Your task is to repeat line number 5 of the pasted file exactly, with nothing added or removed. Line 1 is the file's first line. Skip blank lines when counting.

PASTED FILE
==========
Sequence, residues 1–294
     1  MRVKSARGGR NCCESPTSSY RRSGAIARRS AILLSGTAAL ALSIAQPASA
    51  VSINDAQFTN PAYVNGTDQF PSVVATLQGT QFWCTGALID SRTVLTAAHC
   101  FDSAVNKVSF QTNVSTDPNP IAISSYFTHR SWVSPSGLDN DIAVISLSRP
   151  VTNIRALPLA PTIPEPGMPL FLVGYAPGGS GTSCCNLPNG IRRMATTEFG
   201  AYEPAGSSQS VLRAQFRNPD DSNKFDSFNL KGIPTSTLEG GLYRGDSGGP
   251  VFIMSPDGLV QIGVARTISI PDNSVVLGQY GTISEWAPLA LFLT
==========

   151  VTNIRALPLA PTIPEPGMPL FLVGYAPGGS GTSCCNLPNG IRRMATTEFG